RewriteRule (.*) "https://%{HTTP_HOST}%{REQUEST_URI}" [R=@{redirectStatusCode},L]
</VirtualHost>

Two cases where we have dynamic content is for ServerName and for status code for redirection. You can write them with just the magic character or surround them with curly brackets. In mustache templates that would be {{ fullDomain }} where in Twirl we have @fullDomain or @{fullDomain}.

Using Twirl template in Scala code

Now we are ready to use the template in Scala code. For that, lets create a new Scala file Generator.scala in /src/main/scala directory. The simplest case would be to print out the result to console. In that case our Generator will look something like this:

object Generator extends App {
  println(
    txt.vHostHttpToHttps(
      subDomain = "blog",
      mainDomain = "kuba86.com",
      redirectStatusCode = 301
    )
  )
}

Lines three to six are most interesting to us. We start with extension txt, then our function name vHostHttpToHttps, and last, we provide function parameters which are defined on the first line of our Twirl template. When you run the above code, SBT will compile Twirl templates, and the Generator object will hopefully print out the result:

<VirtualHost *:80>
  ServerName blog.kuba86.com
  RewriteEngine On
  RewriteRule (.*) "https://%{HTTP_HOST}%{REQUEST_URI}" [R=301,L]
</VirtualHost>

You can check out /target/scala-2.13/twirl/main/txt directory and see Scala code that was generated by sbt-twirl plugin. The file name will be [name].template.scala in our case vHostHttpToHttps.template.scala will look like this:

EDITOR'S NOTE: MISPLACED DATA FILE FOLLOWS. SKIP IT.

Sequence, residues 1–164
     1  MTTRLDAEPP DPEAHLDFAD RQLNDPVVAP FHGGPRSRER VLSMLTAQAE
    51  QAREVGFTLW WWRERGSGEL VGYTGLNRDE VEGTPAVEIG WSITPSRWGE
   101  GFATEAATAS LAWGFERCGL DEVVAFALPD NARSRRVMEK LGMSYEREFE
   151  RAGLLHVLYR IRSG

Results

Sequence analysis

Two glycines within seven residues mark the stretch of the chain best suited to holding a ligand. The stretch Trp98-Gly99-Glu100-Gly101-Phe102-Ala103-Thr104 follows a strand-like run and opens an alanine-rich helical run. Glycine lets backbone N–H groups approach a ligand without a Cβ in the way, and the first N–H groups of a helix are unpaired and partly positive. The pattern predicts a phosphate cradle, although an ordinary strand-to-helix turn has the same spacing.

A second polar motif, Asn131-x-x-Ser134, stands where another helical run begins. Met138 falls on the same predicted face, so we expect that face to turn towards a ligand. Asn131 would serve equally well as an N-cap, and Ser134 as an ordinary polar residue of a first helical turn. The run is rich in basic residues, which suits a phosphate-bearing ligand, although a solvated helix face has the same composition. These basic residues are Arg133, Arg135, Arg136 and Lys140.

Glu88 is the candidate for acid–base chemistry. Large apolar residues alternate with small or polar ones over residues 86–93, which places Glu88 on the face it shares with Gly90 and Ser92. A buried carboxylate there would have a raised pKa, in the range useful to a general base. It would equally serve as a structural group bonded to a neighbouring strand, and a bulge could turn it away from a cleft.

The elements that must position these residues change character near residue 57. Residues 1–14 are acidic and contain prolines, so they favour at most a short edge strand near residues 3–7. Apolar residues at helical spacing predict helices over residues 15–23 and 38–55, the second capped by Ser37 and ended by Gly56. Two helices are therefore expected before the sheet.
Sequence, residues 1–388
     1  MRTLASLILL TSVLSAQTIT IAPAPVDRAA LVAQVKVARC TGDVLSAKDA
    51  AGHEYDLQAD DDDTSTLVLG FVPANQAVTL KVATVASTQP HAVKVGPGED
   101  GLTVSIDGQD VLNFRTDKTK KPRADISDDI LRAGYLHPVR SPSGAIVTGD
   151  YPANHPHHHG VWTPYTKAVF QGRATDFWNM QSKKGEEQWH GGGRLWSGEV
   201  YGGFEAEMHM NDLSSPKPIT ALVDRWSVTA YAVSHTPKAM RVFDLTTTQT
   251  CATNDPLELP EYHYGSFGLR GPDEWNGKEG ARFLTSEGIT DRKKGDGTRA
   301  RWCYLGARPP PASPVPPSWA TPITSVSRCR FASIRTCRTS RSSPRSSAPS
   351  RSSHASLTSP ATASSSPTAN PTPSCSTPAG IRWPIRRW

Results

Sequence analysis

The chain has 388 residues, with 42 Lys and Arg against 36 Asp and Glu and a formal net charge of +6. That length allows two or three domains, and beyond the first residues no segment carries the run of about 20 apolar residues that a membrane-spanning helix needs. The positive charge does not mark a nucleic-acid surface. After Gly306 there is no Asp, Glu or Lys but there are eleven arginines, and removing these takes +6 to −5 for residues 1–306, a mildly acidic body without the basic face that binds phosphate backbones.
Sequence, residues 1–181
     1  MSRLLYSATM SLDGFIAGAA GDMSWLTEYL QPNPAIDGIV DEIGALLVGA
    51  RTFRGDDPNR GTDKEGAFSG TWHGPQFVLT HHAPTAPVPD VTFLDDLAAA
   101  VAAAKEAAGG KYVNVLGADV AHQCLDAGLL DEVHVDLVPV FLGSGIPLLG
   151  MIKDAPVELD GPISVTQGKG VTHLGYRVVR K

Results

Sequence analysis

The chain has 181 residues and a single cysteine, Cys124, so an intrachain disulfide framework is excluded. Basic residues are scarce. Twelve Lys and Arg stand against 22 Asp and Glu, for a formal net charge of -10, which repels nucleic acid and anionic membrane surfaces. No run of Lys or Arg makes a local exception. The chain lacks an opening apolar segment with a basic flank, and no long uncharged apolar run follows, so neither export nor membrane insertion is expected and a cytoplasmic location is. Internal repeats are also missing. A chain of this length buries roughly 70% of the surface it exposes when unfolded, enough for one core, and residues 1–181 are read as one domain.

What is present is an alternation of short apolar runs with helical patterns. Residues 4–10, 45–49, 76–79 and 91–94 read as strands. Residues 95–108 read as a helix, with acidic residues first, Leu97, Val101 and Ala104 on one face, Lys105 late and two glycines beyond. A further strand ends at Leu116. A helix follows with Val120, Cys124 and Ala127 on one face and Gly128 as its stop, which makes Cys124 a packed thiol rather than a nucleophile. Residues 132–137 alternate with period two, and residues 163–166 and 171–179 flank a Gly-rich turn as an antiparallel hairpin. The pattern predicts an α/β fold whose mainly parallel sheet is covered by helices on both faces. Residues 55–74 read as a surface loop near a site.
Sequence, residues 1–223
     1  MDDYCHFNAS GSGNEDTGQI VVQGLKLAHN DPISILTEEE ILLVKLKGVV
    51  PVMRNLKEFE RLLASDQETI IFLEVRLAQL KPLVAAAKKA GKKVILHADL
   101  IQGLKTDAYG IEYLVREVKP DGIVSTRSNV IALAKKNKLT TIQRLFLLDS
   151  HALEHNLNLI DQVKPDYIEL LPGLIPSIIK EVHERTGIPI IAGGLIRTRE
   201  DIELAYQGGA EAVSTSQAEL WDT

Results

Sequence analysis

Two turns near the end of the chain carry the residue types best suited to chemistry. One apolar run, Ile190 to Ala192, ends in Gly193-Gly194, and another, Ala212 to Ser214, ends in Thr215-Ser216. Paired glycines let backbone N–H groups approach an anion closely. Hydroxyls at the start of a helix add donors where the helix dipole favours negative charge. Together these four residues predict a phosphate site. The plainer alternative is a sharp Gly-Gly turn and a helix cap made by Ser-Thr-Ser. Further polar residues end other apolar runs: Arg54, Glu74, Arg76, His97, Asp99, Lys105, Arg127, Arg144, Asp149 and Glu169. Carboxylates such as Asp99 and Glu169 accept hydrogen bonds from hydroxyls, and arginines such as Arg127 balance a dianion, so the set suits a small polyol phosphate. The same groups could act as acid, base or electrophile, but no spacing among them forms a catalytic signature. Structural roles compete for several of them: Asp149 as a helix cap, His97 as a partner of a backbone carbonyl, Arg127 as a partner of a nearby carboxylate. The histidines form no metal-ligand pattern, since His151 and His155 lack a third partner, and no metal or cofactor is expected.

package txt

import _root_.play.twirl.api.TwirlFeatureImports._
import _root_.play.twirl.api.TwirlHelperImports._
import _root_.play.twirl.api.Html
import _root_.play.twirl.api.JavaScript
import _root_.play.twirl.api.Txt
import _root_.play.twirl.api.Xml

object vHostHttpToHttps extends _root_.play.twirl.api.BaseScalaTemplate[play.twirl.api.TxtFormat.Appendable,_root_.play.twirl.api.Format[play.twirl.api.TxtFormat.Appendable]](play.twirl.api.TxtFormat) with _root_.play.twirl.api.Template3[String,String,Int,play.twirl.api.TxtFormat.Appendable] {

  /**/
  def apply/*1.2*/(subDomain: String, mainDomain: String, redirectStatusCode: Int):play.twirl.api.TxtFormat.Appendable = {
    _display_ {
      {

def /*2.2*/fullDomain/*2.12*/ = {{
  if(subDomain == "") {
    mainDomain
  } else {
    s"$subDomain.$mainDomain"
  }
}};
Seq[Any](format.raw/*1.66*/("""
"""),format.raw/*8.2*/("""
"""),format.raw/*9.1*/("""<VirtualHost *:80>
  ServerName """),_display_(/*10.15*/fullDomain),format.raw/*10.25*/("""
  """),format.raw/*11.3*/("""RewriteEngine On
  RewriteRule (.*) "https://%"""),format.raw/*12.30*/("""{"""),format.raw/*12.31*/("""HTTP_HOST"""),format.raw/*12.40*/("""}"""),format.raw/*12.41*/("""%"""),format.raw/*12.42*/("""{"""),format.raw/*12.43*/("""REQUEST_URI"""),format.raw/*12.54*/("""}"""),format.raw/*12.55*/("""" [R="""),_display_(/*12.61*/redirectStatusCode),format.raw/*12.79*/(""",L]
</VirtualHost>
"""))
      }
    }
  }

  def render(subDomain:String,mainDomain:String,redirectStatusCode:Int): play.twirl.api.TxtFormat.Appendable = apply(subDomain,mainDomain,redirectStatusCode)

  def f:((String,String,Int) => play.twirl.api.TxtFormat.Appendable) = (subDomain,mainDomain,redirectStatusCode) => apply(subDomain,mainDomain,redirectStatusCode)

  def ref: this.type = this

}

Because this file is autogenerated by SBT, it should be treated as read only. Don’t try to modify it.

Summary

Scala Twirl template engine can be use in standalone applications, without the need for Play Framework. I personally like to use it and for my use case I was able to solve the problem faster than trying to figure out Apache httpd mod_macro or mustache. If you like to check out complete project, you can find it on GitHub. Enjoy!